Nonsteroidal Anti-inflammatory Drug
Use in Collegiate Football Players

Holmes N, Cronholm
PF, Duffy AJ, Webner D. Clin J Sport
Med. 2013.
Epub ahead of print

Take Home Message: NSAIDs are a common
treatment method for musculoskeletal injuries; however, over-the-counter availability,
overuse, self-medication, and trends of initial use in high school may
interfere with appropriate consumption among college athletes.

anti-inflammatory drugs (NSAIDs), a common treatment for athletic injuries, are
generally safe medications when used short-term but can become problematic when
used long-term and without oversight from a medical professional. There is a discrepancy
between the amount of NSAIDs used in athletics and the number of studies that
address their safety in athletics. In this cross-sectional study, Holmes et al.
surveyed 211 collegiate football players at two institutions on two occasions (beginning
of 2006 and 2009 seasons) regarding their NSAID use during the respective
seasons. The authors categorized athletes as “high users” (NSAID use daily or
weekly) and “low users” (NSAID use monthly or rarely). The authors then compared
off-season use and in-season use of NSAIDs between high- and low-use groups. Half
of all athletes reported high use of NSAIDs in-season compared to only 15%
during the off-season. During the season, 33% of high users consumed NSAIDs
after games, 11% before games, and < 1% during games. For the same group, after-practice
use of NSAIDs was the highest (20%), followed by before-practice use (5%), and
during-practice use (< 1%). Close to half of all athletes first utilized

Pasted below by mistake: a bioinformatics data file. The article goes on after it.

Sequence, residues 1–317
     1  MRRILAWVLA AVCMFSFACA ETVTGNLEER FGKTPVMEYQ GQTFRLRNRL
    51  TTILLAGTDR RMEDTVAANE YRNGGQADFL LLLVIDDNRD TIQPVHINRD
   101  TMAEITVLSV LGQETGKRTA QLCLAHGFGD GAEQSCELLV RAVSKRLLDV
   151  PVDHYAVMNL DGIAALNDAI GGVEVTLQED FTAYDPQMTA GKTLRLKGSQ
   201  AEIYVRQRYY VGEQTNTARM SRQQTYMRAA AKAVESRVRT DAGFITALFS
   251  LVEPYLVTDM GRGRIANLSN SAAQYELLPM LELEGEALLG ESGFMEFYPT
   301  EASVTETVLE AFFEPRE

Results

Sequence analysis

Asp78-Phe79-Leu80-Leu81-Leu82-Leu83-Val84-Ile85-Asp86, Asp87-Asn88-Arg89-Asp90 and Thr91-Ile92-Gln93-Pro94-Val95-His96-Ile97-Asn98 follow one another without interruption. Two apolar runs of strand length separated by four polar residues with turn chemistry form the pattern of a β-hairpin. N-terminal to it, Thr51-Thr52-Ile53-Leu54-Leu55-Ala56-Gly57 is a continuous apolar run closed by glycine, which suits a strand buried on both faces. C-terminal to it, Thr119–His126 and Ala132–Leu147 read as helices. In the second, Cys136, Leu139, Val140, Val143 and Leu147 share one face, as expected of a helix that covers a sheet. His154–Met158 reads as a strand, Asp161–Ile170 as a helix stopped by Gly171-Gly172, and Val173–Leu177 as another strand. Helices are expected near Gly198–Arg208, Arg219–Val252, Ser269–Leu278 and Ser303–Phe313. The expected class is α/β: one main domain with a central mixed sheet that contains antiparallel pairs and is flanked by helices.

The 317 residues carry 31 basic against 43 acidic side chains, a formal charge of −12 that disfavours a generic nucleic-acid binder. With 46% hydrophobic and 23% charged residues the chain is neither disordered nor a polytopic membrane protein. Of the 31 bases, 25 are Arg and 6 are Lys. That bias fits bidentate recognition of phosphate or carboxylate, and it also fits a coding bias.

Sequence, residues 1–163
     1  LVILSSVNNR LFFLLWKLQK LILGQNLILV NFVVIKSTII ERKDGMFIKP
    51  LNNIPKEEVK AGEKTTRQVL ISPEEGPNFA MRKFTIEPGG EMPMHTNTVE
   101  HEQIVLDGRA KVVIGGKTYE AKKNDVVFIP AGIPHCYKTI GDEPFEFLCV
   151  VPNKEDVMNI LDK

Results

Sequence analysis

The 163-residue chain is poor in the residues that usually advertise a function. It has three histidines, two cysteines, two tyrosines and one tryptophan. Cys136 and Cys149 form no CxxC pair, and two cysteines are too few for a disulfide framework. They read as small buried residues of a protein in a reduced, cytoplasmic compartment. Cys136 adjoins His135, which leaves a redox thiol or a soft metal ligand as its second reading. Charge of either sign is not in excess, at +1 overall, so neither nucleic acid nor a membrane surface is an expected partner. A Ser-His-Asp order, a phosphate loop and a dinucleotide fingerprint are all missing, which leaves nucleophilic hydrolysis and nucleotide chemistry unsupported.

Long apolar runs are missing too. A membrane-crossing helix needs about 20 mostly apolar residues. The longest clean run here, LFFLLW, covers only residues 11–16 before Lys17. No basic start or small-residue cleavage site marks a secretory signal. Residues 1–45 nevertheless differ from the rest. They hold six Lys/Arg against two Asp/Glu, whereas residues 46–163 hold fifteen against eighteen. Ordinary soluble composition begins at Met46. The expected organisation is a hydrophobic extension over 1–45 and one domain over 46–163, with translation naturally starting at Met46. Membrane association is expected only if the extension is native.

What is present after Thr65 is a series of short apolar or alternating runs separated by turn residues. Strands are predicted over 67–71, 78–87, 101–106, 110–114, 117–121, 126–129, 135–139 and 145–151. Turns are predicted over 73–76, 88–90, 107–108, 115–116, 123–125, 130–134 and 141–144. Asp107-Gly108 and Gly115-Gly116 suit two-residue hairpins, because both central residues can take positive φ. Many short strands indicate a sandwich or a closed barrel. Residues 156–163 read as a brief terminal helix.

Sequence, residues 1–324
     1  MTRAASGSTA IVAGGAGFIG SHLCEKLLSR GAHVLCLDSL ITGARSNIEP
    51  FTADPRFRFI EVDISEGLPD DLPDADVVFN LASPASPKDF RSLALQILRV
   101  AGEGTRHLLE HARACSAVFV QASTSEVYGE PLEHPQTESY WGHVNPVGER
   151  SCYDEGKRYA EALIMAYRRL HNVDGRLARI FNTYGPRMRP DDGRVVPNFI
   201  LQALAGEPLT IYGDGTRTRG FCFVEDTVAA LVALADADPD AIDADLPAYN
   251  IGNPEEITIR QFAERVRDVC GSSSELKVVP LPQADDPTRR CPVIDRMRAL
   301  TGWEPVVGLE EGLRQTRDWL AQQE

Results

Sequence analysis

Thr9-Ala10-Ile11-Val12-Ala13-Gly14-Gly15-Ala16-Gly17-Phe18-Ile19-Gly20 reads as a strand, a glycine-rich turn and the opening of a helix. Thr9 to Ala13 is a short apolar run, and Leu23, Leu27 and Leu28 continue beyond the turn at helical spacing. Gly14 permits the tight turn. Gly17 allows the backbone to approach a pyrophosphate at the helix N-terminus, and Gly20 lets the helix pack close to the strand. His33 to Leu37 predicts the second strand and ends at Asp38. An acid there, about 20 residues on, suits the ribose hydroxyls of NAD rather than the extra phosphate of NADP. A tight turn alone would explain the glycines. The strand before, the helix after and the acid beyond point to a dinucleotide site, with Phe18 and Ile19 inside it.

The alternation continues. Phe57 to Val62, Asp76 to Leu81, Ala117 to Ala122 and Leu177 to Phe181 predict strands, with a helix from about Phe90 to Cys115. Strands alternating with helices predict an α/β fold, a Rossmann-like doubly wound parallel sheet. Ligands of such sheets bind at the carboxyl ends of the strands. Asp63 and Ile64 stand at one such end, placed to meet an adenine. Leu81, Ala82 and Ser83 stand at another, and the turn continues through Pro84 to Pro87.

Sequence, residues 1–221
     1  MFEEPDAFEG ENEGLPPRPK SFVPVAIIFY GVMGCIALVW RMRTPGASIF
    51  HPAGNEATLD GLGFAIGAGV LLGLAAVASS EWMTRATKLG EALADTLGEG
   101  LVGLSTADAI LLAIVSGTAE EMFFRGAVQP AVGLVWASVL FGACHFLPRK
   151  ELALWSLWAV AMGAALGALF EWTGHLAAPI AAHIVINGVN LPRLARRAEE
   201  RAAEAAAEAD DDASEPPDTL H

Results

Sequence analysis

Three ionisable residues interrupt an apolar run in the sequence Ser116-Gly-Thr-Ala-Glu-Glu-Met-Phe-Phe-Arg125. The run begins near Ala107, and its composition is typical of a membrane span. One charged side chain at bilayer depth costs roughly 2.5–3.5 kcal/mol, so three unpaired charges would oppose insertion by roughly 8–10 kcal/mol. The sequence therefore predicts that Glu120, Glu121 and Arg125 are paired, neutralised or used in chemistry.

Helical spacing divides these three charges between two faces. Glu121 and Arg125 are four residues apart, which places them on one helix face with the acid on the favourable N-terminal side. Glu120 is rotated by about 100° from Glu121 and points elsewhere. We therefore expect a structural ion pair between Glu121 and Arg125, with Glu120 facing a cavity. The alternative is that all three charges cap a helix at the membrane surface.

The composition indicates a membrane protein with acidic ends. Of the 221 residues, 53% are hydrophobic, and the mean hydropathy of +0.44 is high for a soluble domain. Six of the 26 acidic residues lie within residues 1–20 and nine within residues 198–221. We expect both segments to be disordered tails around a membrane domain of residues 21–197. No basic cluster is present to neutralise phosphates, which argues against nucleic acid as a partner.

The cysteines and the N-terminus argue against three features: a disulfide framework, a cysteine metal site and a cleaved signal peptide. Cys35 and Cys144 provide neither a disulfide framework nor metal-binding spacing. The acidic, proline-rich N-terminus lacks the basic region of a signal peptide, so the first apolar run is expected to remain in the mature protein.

NSAIDs in high school (49%), followed by junior high (46%), and only 6%
reported first use of NSAIDs in college; which they received from a variety of
sources: themselves, parents, athletic trainers, and physicians. NSAIDs were
largely obtained over the counter (81%); in comparison, only 27% obtained from
physicians and 30% from athletic trainers. Approximately, 57% of athletes with
a higher body mass index (> 28.2 kg/m2) utilize NSAIDs in-season
compared with 40% of athletes with lower body mass index (< 26.6 kg/m2).
Finally, only 3% of athletes reported adverse reactions to NSAIDs.

This study
demonstrates overuse and potential for misuse of NSAIDs in a college football
population. More research is needed to generalize these results, but they raise
concern for athletes’ health. This study also touched on health concerns by
reporting adverse reactions; but the number of adverse reactions could have
been higher since they can often be asymptomatic and require lab work to fully
evaluate them. This issue is further complicated by athletes self-medicating
with NSAIDs, which leaves the medical staff unaware of frequency and dosages. Medication
management for college athletes is difficult because of the various sources and
the ease with which NSAIDs can be obtained. Athlete education focused on
adverse reactions and their warning signs may help to solve over-medicating. In
addition, it might help to cut down on confusion in self administration of
medications, as previously reported by Wolf et al. Furthermore, improved supervision of
over-the-counter medications should be addressed to aid the medical staff in
managing athlete consumption.

How can
the sports medicine community work together to improve medication safety for
athletes? What interventions could help to decrease the first time use of NSAIDs
in high school athletes?

Written by:
Christian Glaser, DO
by: Laura McDonald


Holmes N, Cronholm PF, Duffy AJ 3rd, & Webner D (2013). Nonsteroidal Anti-Inflammatory Drug Use in Collegiate Football Players. Clinical Journal of Sport Medicine PMID: 23528841